The Servant Song in Isaiah 50, as part of a larger narrative in Deutero-Isaiah, wants to say that the suffering that the people experienced is not for nothing, that some good will come out of these terrible events that saw the destruction of the capital city Jerusalem, as well the exile of a number of prominent leaders and skilled workers. From a contemporary perspective, one could well say that this narrative of vicarious suffering informing Isaiah 50 is a dangerous narrative, which pops up every so often as people try to make sense of their own suffering. However, as a meaning-making exercise, one should acknowledge that this act of attaining meaning in suffering may be helpful for those who are finding themselves amid the deluge. But it is important as well, when one is not in crisis mode, to learn and teach others the skills of challenging such harmful trauma narratives for the dark days, when they come.

Finally, whenever there is discussion on the Servant Songs in Deutero-Isaiah, questions regarding the identity of the servant abound. Joseph Blenkinsopp1 argues that there is a distinct movement from the first part of Deutero-Isaiah in which hopes were still high that there would come a leader, even a foreign leader in the form of Cyrus, who would serve as God’s servant and do God’s work of transforming the community, to the second part of Isaiah in which despair and disappointment have set in. Increasingly, there is a movement toward the community, with individuals themselves, in a responsible, trustworthy, and humble way, acting as God’s servants. In a move that democratizes leadership, it seems that, in the absence of a “good” leader, the onus rests upon ordinary human beings and the community as a whole to do what is good—to cite Micah 6:8: “to do justice, and to love kindness, and to walk humbly with your God.”2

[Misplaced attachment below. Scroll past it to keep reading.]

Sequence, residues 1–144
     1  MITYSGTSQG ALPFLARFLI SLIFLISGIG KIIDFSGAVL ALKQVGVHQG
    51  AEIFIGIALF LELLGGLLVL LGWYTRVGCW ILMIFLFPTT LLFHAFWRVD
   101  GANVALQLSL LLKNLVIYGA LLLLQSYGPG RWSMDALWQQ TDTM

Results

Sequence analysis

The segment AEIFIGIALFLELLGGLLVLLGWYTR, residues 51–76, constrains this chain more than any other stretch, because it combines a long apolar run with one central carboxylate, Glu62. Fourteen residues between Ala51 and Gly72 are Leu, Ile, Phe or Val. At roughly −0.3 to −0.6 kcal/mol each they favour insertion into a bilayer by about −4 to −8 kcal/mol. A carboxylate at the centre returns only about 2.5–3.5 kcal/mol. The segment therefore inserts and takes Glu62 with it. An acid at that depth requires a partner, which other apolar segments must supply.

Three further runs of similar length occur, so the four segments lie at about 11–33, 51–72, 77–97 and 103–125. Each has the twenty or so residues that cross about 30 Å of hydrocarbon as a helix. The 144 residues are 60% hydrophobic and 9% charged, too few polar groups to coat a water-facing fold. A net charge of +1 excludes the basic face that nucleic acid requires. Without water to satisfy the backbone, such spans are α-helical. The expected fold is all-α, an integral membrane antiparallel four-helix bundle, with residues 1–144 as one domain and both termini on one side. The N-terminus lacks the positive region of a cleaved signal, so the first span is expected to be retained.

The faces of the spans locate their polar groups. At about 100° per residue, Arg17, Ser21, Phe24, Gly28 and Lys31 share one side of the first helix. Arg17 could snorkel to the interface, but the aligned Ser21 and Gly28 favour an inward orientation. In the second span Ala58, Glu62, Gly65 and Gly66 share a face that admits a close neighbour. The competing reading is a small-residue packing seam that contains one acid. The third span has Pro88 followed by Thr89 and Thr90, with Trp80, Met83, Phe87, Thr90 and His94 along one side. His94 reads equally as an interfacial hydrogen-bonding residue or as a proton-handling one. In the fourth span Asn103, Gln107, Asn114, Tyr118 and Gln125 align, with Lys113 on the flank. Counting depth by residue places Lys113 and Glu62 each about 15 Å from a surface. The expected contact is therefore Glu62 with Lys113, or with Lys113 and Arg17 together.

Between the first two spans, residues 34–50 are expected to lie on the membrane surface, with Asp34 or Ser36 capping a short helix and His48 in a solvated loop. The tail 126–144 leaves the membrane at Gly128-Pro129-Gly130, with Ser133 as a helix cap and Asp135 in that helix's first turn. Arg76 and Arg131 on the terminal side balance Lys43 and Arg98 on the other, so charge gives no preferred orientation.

1. Joseph Blenkinsopp, “Second Isaiah – Prophet of Universalism,” JSOT 41 (1988), 83-103.
  2. Additional works consulted: L Juliana Claassens, “To the Captives Come Out and to Those in Darkness be Free…: Using the Book of Isaiah in (American) Politics?” Old Testament Essays 21/3 (2008), 618-634.